The preparation of Tf modified nanoparticles was conducted by conjugating the amido group of Tf with the DSPE-PEG2000-COOH of lipid nanoparticles.24 Briefly, CIS/DTX-LN suspension (200 mg of CIS/DTX-LN) was incubated with EDC (50 mg) and NHS (30 mg) for 10 min, then Tf (100 mg) were added and stirred (4°C, 12 h) to form an amide linkage between Tf and DSPE-PEG2000-COOH. The density of Tf on the particles was measured using a BCA assay kit by recording the absorbance at 595 nm and determining the protein concentration by comparison to a standard curve.

Characterization of Tf-CIS/DTX-PLHN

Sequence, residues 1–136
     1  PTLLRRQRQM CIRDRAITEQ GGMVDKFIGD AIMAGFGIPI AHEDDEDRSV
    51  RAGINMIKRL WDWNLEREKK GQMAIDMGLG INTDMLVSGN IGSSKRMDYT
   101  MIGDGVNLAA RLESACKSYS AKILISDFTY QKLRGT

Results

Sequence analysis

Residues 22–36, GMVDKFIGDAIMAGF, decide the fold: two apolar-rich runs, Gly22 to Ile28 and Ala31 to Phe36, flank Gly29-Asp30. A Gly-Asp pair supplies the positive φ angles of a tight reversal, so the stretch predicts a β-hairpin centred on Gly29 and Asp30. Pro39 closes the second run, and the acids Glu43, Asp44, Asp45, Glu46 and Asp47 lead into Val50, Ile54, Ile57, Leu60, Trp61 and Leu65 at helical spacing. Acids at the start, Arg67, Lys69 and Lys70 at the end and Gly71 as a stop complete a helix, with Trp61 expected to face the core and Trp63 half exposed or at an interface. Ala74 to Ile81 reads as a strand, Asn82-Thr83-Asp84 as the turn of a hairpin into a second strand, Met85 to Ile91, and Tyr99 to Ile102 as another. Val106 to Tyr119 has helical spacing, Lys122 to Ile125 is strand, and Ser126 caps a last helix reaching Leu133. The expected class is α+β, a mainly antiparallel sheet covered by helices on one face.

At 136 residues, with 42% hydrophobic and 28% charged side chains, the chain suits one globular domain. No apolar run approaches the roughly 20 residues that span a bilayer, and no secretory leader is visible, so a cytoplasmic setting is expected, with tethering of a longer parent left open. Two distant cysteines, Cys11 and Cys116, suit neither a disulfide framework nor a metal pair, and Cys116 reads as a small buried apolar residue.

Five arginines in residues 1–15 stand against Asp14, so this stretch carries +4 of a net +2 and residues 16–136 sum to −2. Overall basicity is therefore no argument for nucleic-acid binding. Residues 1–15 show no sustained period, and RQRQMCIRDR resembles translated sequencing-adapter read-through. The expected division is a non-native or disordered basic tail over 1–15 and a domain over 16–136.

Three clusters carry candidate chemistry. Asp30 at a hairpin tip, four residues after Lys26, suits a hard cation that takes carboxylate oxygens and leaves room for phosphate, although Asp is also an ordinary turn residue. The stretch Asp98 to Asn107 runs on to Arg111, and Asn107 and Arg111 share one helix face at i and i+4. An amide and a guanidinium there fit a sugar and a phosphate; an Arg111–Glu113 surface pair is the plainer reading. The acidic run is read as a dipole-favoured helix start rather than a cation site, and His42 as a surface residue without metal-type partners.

The size and size distribution of particles, as well as zeta potential were tested by a Zetasizer (Malvern Instruments Ltd., Malvern, UK).25 The morphology of Tf-CIS/DTX-PLHN and CIS/DTX-LN was observed under a TEM (JEOL, Tokyo, Japan). Encapsulation efficiency (EE) and drug loading (DL): The concentration of CIS was measured using ICP-MS.26 High performance liquid chromatography (HPLC) method was used to determine the amount of DTX using a UV detector at 230 nm.27 The stability of nanoparticles was evaluated cell culture medium (as stated in Materials section) and 50% FBS at 37 °C.

In vitro Drug Release

The drug release patterns of nanoparticles were analyzed using dialysis method.28 Drugs loaded nanoparticles (3 mL) were sealed in dialysis bags (MWCO 8–14 kDa) and incubated in PBS (100 mL, pH 7.4) containing 0.1% (w/v) Tween 80 at 37°C. At different time points, 300 μL of release medium was replaced by 300 μL of fresh PBS. The CIS and DTX content were determined by the method described in the above section.

Cytotoxicity Assay